CIPPIC 2004 election questions

During the 2004 federal election CIPPIC had a series of questions for parties and candidates.

CIPPIC replies: Russell McOrmond (Webmaster for

I was not a candidate in the previous election, but I believe it would be useful for people actively involved in technology law issues to offer their own thoughts on the questions for parties and candidates from the Canadian Internet Policy and Public Interest Clinic (CIPPIC).

News Release: Public Interest Groups make Internet an Election Issue

News Release

Ottawa, ON

June 21, 2004

Public Interest Groups make Internet an Election Issue

Three public interest groups have launched a campaign to focus the attention of political parties and candidates on issues involving the Internet and user rights. The Canadian Internet Policy and Public Interest Clinic (CIPPIC), Digital Copyright Canada, and the Public Interest Advocacy Centre (PIAC) have asked party leaders and candidates for their views on user rights under copyright law and other technology-related issues.

CIPPIC and PIAC also issued today a highly critical response to the Interim Report on Copyright Reform released by the House of Commons Standing Committee on Canadian Heritage last month. CIPPIC and PIAC state that the report ignores key evidence and submissions by public interest groups, and lacks reasoning for some key recommendations. They call for rejection of the report and for a more balanced approach to copyright reform in Canada. See .

CIPPIC replies: New Democratic Party

1.Music File-sharing: What is your position on the issue of file-sharing in Canada--should it be illegal?

;:The NDP supports measures that protect the rights of creators, and ensure that their work is valued and compensated, whether it appears on the radio, in print media, on the internet or elsewhere.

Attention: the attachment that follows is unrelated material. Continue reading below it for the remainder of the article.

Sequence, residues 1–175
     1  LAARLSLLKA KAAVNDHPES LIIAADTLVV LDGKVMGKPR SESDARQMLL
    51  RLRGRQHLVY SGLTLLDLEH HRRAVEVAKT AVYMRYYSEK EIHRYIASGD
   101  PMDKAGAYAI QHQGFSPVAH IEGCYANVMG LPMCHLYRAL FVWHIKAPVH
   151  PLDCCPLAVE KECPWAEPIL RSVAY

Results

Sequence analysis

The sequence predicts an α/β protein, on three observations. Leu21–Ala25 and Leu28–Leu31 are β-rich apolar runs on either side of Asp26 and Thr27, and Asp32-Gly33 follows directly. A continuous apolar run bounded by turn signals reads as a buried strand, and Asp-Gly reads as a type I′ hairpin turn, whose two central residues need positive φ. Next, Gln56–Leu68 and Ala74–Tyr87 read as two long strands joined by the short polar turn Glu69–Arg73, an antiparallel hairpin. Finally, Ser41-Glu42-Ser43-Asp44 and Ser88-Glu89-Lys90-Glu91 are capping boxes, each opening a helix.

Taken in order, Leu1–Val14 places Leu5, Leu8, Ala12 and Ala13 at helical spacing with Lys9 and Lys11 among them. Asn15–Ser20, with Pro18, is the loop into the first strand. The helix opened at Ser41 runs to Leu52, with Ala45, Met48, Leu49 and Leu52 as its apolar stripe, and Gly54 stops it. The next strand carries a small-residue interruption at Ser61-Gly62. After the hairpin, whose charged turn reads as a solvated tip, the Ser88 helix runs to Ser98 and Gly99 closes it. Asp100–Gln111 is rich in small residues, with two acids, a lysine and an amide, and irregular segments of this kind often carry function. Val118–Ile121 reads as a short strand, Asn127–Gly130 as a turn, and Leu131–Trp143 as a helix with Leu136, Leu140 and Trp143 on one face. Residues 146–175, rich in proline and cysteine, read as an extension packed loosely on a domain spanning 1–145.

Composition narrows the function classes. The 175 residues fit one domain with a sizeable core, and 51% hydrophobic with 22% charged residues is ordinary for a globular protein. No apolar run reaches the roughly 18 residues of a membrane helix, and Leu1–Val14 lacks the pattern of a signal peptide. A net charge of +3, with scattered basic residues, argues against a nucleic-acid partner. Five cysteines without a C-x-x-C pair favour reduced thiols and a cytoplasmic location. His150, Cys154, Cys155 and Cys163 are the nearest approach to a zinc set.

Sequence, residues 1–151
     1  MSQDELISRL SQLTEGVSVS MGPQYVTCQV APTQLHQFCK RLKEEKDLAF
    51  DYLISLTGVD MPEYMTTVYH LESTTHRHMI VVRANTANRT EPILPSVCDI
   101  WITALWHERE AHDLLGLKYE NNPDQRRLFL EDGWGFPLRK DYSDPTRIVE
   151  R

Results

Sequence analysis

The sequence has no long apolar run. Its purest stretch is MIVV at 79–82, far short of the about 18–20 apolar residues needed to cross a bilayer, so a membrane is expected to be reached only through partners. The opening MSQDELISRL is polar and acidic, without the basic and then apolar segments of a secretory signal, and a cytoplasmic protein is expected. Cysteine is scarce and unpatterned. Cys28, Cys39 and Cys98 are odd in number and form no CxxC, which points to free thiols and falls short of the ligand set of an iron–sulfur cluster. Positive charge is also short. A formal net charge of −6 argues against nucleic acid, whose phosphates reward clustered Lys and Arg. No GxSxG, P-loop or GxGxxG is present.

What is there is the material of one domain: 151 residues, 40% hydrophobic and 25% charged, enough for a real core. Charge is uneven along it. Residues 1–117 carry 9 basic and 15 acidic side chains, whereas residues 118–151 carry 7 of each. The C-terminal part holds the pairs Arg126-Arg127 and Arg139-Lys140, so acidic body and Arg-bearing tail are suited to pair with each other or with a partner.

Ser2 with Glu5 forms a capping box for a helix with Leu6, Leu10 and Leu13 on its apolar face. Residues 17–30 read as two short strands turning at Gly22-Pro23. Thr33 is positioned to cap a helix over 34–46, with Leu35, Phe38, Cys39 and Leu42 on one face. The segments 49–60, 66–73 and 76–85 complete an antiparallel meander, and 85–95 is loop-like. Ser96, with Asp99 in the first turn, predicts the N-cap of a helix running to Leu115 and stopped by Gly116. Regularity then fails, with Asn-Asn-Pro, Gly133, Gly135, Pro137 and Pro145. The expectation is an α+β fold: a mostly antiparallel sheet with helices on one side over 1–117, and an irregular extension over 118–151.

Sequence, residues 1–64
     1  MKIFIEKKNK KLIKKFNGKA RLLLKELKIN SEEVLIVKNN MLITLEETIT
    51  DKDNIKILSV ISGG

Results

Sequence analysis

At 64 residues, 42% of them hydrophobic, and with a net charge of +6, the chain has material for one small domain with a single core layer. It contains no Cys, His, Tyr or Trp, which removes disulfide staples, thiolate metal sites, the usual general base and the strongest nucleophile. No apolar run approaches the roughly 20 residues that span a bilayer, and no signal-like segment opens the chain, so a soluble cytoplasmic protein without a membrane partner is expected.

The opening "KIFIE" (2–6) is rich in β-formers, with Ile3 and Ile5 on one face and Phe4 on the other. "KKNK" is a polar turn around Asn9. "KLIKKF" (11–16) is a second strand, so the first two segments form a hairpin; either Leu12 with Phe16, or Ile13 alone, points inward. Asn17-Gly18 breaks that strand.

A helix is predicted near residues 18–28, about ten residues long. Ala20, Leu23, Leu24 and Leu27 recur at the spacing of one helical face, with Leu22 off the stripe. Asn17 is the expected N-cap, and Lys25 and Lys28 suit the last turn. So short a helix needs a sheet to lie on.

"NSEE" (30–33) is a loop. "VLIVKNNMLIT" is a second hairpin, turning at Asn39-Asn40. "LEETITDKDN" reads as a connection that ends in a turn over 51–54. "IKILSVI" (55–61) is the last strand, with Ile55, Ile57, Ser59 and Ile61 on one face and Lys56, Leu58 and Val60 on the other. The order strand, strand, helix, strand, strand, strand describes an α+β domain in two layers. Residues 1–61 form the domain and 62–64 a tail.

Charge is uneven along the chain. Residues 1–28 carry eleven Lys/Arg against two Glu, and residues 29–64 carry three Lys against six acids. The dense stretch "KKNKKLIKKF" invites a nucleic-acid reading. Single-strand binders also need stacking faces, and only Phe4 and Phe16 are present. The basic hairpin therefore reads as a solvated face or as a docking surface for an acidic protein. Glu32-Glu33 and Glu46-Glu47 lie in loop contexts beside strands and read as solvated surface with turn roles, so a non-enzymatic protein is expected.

;:Any copyright legislation needs to balance the rights of creators, users and distributors. Creators must be fairly compensated for their work, and only a creator can waive that right. At the same time, users need fair access, in order to encourage a vital Canadian culture. We would support legislative measures that involve a careful balancing of all of these factors.

CIPPIC replies: Bloc Québécois

;:Envoi par courriel
;:Le 16 juin 2004

;:Madame Philippa Lawson
;:Directrice générale
;:Clinique d'intérêt public et de politique d'internet au Canada
;:Faculté de droit
;:Université d'Ottawa
;:Ottawa (Ontario)
;:K1N 6N5


;:Nous avons bien reçu votre lettre ainsi que la liste des différentes questions envoyées dans le cadre de la présente campagne électorale.

;:C'est avec plaisir que nous répondons à vos interrogations qui, nous l'espérons, vous permettront d'apprécier les orientations politiques du Bloc Québécois.


__Partage de fichiers de musique__

CIPPIC replies: Vancouver Quadra Green Party candidate

Received from Doug Warkentin:

Music File-sharing: What is your position on the issue of file-sharing in Canada--should it be illegal?

No it shouldn't, but anyone who is making any money off of it (e.g. through selling advertizing on websites, etc.) should be required to pay substantial fees to the artists.

Technological Protection of Copyrighted Materials: What is your position on using legislation to prohibit circumvention of TPMs?

CIPPIC replies: Green Party of Canada

The replies from the Green Party of Canada were posted to their website.

The following is just a local copy, formatted the same as done for other replies.

CIPPIC replies: Liberal party of Canada


[Direct link to Document |]
([PDF Viewers |])

A text version of the document follows:

June 4, 2004

Ms. Philippa Lawson

Canadian Internet Policy and Public Interest Clinic (CIPPIC)

University of Ottawa

Dear Ms. Lawson,

Enclosed, please find the Liberal Party’s response to your questionnaire.

On behalf of our leader, the Right Honourable Paul Martin, thank you for writing to identify the major concerns of your membership. Your interest in the policies of the Liberal Party as they relate to these issues is appreciated.

Canadian Internet Policy and Public Interest Clinic (CIPPIC) questions

Find out what positions federal parties and candidates take on some controversial issues involving the Internet and new technologies. CIPPIC's "Election 2004" webpage provides background on seven questions we are asking each party, and will include the parties' responses once we receive them. Get involved yourself - ask the candidates in your riding about their views on these or other related issues!

Syndicate content